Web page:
Hope Valley in Derbyshire’s Peak District National Park derives its name from the village of Hope. The area was mentioned in the Doomsday Book in 926ad recording that a local battle was won by King Athelstan, and it was also mentioned that Hope village had a church and a priest, quite a rare occurrence at that time in Derbyshire. The nearby Win Hill Pike and Lose Hill are said to be named so after a battle with King Edwin of Northumbria and King Cuicholm of Wessex in 626ad. The ancient trading route The Portway is nearby, and the river Noe snakes through the valley between Lose Hill and Win Hill Pike making for a gorgeous countryside scene.
Being one of my longtime favorite places in the Peak District, Hope Valley is the start of a lovely and varied circular walk, it takes in hills, heather, Ladybower reservoir and a couple of refreshment stops along the route. I personally like to begin the walk from Hope Train Station, great for parking, public transport and close to campsites and accommodation.
Our circular walk takes us over the train bridge then a little stroll across the fields, I find this part of the journey especially nice during the spring months and early summer, because I love to watch the young lambs playing (If taking a dog along, a short lead through this area is important.) At the gate take a right onto the little one track lane towards Aston. Picturesque in itself this little lane has only a couple of farms and a handful of cottages along it, there’s an old stone horse drinking trough to the left where the public footpath begins, this is where the route heads up towards Win Hill Pike.
The ascent uphill is a very gradual one and the views increase as the path climbs upwards and onwards until the whole of the Hope Valley is below and the river Noe can be seen snaking its way through the valley. One feature of the valley you can’t miss is the Hope Cement works which dominates the view in the valley, Lose Hill and Mam Tor can be seen once half way up the track. If you look carefully you may also get a glimpse of Peveril Castle, Mam Tor and the Winnats Pass in Castleton.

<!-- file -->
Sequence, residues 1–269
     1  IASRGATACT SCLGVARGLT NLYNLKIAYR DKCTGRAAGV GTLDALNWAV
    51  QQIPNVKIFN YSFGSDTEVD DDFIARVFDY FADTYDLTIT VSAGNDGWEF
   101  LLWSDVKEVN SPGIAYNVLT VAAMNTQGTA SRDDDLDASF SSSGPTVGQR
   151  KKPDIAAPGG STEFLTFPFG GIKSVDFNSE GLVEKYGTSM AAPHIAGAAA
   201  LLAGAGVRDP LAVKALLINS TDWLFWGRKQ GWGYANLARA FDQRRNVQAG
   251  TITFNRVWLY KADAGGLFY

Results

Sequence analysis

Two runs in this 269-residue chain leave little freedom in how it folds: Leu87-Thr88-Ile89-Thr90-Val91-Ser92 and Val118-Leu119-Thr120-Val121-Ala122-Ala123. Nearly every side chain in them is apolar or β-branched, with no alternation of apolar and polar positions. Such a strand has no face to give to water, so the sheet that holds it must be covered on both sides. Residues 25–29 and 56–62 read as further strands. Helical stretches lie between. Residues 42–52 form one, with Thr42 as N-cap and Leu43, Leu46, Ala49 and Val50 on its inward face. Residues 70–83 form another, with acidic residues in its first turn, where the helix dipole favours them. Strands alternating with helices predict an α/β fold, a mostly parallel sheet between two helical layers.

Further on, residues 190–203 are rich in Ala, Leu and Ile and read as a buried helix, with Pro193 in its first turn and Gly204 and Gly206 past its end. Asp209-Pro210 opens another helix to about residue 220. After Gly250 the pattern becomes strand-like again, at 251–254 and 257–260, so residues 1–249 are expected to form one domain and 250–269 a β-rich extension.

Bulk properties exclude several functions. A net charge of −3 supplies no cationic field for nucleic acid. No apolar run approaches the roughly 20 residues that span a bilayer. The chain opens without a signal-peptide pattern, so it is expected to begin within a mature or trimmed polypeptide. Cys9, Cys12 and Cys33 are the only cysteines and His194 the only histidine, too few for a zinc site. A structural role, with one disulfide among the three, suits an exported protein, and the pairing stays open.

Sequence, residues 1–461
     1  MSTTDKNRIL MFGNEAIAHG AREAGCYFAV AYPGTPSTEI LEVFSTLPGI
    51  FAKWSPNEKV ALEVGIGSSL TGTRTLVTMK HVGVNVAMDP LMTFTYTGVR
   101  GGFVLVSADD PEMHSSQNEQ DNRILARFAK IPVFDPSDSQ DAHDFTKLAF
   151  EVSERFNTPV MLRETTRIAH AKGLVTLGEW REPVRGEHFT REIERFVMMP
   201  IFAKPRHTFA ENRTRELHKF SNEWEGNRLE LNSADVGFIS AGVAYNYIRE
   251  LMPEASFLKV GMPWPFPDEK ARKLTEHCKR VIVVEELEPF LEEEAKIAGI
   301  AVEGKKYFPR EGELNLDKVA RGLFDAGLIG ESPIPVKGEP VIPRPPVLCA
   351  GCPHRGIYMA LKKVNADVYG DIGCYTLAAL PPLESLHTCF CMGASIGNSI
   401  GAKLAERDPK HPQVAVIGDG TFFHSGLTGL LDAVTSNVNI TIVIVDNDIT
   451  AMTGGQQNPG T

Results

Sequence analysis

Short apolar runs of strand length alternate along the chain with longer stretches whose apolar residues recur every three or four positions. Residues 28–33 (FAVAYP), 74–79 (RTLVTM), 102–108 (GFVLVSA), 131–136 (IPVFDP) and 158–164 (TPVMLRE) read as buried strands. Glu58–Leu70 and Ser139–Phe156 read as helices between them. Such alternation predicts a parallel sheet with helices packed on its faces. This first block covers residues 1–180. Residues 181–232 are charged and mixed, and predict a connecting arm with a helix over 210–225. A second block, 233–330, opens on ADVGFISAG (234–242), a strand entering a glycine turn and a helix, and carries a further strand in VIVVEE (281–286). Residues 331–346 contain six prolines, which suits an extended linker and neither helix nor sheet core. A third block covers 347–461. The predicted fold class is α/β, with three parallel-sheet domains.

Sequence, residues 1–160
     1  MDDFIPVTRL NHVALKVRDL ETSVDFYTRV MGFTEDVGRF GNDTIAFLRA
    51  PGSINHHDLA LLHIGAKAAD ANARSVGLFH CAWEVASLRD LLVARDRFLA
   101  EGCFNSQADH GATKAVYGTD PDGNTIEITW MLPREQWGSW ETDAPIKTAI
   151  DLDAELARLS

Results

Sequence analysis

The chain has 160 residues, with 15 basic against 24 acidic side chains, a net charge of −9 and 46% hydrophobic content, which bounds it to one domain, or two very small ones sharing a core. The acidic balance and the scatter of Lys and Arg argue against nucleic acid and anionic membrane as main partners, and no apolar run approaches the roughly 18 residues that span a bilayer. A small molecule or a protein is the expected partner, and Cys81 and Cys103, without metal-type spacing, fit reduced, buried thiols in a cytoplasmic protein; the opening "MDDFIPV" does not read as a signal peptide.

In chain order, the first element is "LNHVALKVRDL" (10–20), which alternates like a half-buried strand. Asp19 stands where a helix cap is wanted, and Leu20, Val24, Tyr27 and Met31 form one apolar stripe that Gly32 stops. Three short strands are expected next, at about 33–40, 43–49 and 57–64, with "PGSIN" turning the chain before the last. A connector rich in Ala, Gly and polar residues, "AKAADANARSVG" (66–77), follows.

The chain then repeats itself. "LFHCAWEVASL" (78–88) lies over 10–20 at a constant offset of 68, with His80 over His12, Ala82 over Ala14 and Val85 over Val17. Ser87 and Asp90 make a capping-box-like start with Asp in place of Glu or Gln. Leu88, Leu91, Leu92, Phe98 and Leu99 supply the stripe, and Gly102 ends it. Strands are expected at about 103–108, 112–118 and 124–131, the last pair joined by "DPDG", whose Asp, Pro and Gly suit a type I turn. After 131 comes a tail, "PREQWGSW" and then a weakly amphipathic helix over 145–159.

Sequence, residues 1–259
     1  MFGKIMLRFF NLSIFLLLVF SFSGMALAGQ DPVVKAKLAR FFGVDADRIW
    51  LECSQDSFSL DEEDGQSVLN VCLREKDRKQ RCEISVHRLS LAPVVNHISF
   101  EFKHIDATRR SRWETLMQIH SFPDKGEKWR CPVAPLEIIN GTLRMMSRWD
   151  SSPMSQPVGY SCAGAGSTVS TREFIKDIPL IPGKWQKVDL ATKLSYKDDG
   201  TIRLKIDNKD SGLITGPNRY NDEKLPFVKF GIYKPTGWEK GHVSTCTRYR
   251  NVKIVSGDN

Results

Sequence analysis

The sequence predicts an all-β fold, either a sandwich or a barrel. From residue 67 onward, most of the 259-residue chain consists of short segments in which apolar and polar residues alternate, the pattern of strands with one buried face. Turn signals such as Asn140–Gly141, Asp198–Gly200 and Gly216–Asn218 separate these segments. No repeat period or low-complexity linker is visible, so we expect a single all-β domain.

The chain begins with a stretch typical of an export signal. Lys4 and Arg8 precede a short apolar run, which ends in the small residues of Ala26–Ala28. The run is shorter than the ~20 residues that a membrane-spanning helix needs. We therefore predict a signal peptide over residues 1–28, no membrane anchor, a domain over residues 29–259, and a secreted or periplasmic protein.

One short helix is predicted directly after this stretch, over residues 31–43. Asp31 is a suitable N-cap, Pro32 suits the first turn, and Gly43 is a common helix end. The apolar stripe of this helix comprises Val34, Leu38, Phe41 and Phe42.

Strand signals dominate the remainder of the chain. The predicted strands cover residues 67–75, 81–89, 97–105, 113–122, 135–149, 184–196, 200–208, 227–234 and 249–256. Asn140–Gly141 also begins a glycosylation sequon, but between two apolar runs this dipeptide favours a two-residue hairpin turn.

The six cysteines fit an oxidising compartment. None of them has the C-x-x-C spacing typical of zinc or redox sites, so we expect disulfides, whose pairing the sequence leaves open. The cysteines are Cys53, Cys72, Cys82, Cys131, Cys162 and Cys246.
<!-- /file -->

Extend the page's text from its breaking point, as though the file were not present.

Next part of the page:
Over the stone stile and upward some more through the heather and gorse bushes we go and more scenery comes into view now looking toward Aston and Bamford below us with the river Derwent snaking along the landscape and the Ladybower reservoir in sight very soon. I always find this a peaceful spot for a coffee and time to take in the views while sitting amongst the heather.
Break over and upwards again heading towards the pine trees, by now Bamford edge should be in sight across the valley, and around the corner is a lovely view of Ladybower reservoir that was built between the years 1935 and 1943 and took another 2 years to fill, it has two totally enclosed bellmouth overflows that are locally known as the “plugholes.” When the Ladybower reservoir was constructed the villages of Derwent and Ashopton were abandoned and submerged. Ashopton Village stood near to the Snake Pass road and the Snake Pass Valley, I have written a separate blog about the Snake Pass called Wanders around Snake Pass.